The Education Cluster has now moved from the response phase to recovery and reconstruction. This page provides all the archived information from the Gorkha Earthquake Response of April 25 2015. Below you will find a snap shot of the background information, the flash appeal, Education Cluster achievements, and transition information. You will also find key education contacts for the reconstruction and reovery phase.
You can also view the Need vs Response data for the Nepal Education Cluster by CLICKING HERE!
On 25 April, a 7.8 magnitude earthquake struck Nepal causing severe destruction in 14 out of the 75 districts in the country. Two weeks later, on 12 May, another quake of 7.3 magnitude hit, worsening the humanitarian situation. A total of 8,891 people were confirmed dead, 605,254 houses destroyed and 288,255 houses damaged. During the height of the emergency, some 188,900 people were temporarily displaced. In the immediate aftermath of the disaster, the Government of Nepal launched a large scale relief operation with support from humanitarian partners. Over 100 international search and rescue and medical teams arrived in Nepal within 24 hours. Local communities, volunteers, youth groups, the private sector and neighbouring countries joined the effort. As the earthquakes affected predominantly remote mountain villages, rescue and humanitarian operations took place in extremely challenging terrain. More than 450 aid organisations responded to the emergency.
On 29 April, the Humanitarian Country Team launched a Flash Appeal to provide critical life-saving services to millions of people affected by the earthquake. One month later, the Nepal Earthquake Flash Appeal was revised to $422 million in order to meet the protection and humanitarian needs of 2.8 million people. The duration of the appeal was extended to 30 September to take into account the effects of the monsoon season and to align with the reconstruction plans of national authorities. Analysis and planning to inform priorities was based on available damage reports and secondary data. As of 30 September, a total of $241 million was contributed against the appeal (57 percent funded) including $18 million from the UN Central Emergency Response Fund. Globally, Nepal is one of the most well-funded appeals this year. Outside of the appeal, an additional $232 million was provided for the response. The majority of donations were given by private individuals and organisations. To complement the contributions, aid agencies also mobilised resources from their own internal funding systems. To address the reconstruction and recovery needs identified in the Post Disaster Needs Assessment, on 25 June, the Government of Nepal hosted the International Conference on Nepal’s Reconstruction where international partners pledged $4.4 billion in grants and loans for reconstruction of the affected areas. Implementation of large scale recovery projects was expected to begin by the fourth quarter of the year.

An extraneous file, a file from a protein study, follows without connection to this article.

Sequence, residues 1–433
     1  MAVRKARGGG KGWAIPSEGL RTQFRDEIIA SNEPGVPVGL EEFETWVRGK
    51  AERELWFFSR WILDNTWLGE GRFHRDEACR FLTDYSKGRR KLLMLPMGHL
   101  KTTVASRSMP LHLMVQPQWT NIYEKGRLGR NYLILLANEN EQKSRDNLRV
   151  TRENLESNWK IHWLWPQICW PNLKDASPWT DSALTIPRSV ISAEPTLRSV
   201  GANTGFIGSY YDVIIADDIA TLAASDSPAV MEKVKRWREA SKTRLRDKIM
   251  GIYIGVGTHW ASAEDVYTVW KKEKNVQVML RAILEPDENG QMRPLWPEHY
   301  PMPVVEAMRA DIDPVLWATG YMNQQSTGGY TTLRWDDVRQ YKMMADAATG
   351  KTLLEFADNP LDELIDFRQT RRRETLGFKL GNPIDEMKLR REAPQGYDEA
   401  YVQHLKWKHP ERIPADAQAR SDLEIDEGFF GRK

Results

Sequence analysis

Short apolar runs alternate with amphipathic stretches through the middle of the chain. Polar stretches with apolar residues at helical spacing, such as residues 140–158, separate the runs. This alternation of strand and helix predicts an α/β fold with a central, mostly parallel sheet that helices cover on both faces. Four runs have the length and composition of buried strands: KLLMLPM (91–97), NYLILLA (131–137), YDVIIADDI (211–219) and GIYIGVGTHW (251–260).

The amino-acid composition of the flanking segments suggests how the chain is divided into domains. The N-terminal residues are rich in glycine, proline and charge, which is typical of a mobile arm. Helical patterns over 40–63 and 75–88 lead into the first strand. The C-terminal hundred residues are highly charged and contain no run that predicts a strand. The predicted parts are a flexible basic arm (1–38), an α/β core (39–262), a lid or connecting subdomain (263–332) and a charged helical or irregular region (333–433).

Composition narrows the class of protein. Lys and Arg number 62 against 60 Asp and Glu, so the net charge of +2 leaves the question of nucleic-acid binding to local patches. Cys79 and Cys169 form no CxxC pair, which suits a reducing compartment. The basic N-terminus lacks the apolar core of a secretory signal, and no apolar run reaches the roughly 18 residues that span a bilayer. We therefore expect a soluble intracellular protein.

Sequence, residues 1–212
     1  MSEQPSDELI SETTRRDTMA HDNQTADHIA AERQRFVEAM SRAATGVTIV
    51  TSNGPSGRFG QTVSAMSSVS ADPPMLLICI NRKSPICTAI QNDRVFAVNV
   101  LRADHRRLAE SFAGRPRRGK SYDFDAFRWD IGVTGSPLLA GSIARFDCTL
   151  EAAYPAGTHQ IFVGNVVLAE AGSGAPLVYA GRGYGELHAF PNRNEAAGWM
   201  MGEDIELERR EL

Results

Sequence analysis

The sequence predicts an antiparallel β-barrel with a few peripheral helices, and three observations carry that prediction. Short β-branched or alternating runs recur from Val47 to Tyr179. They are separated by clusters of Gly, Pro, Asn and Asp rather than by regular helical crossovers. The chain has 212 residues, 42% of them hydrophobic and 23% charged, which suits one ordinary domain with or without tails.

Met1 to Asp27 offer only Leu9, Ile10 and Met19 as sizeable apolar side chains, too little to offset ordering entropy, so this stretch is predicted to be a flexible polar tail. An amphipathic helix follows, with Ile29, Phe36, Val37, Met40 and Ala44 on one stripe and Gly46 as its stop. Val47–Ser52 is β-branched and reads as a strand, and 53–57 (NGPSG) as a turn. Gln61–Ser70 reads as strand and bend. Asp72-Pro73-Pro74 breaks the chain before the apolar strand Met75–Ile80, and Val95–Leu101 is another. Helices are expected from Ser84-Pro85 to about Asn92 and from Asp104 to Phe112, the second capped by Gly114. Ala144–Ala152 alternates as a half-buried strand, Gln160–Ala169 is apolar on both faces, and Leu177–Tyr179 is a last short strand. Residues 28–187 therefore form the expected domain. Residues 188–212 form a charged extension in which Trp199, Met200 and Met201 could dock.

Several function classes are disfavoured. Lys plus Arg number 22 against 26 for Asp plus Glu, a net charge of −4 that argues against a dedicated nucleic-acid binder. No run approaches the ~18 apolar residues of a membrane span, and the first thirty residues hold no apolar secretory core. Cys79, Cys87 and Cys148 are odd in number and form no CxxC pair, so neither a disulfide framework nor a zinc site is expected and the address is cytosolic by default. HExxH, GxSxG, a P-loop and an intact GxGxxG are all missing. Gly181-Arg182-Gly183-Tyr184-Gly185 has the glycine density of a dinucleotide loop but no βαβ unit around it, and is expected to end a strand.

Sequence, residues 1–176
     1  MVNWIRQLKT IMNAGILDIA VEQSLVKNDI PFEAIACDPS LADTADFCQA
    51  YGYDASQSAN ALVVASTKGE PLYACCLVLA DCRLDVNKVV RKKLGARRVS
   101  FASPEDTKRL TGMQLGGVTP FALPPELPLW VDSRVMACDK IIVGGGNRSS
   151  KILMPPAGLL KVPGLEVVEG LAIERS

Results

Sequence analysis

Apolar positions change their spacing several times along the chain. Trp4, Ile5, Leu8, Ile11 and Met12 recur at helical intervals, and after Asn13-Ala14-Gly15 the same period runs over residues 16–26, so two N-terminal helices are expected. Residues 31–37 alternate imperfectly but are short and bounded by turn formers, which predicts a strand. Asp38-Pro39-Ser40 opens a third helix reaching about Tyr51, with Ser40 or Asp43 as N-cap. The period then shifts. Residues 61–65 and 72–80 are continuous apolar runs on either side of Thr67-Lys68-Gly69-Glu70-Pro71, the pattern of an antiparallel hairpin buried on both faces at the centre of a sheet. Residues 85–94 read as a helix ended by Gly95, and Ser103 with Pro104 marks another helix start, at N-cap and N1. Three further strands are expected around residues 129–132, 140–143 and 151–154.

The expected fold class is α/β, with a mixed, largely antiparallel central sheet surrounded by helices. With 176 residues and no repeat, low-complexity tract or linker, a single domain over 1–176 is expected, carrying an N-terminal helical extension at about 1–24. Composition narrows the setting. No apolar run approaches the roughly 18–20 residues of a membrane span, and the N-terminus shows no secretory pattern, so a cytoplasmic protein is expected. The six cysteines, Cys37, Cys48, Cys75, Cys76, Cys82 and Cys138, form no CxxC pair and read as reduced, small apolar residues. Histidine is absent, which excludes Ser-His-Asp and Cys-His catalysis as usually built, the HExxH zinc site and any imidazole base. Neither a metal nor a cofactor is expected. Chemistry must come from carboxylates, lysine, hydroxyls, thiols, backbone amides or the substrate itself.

An estimated 1.5 million children were directly affected by the disaster, leaving 1 million children without permanent classrooms and an additional half a million requiring support to return to learning. To ensure that education needs of children were met, over 130 partners including government agencies, teachers, national and internal NGOs and donors responded. Some 300,000 children were provided access to safe temporary classrooms, including gender sensitive latrines and handwashing facilities and over 395,000 children received emergency education supplies including school kits, early childhood development kits and recreation kits to help them recover from the stress and disruption caused by the earthquakes. Close to 13,000 teachers were also trained on psychosocial support, life-saving messages and school safety information. The Education Cluster coordinated structural assessment of 6,300 schools, designating 55,000 classrooms safe or unsafe for children to use. As part of a ‘Back To School’ campaign through the media, 1 million parents, teachers and children were reached through orientations and communication materials.
A Program Implementation Unit (PIU) is being established within the Department of Education to coordinate the reconstruction process. Coordination and information management functions of the Education Cluster will be integrated into the PIU over the coming months. An Education in Emergencies sub group will coordinate preparedness and other emergency related tasks under the sector’s Thematic Working Group on School Safety and Disaster Risk Reduction.
Key Contacts for Recovery and Reconstruction
Department of Education
Chief of Disaster Risk Management
Jhapper Singh Vishokarma
Senior Division Engineer
Education in Emergencies Manager
Emergency Education Specialist
SAVE THE CHILDREN
Programme Manager Education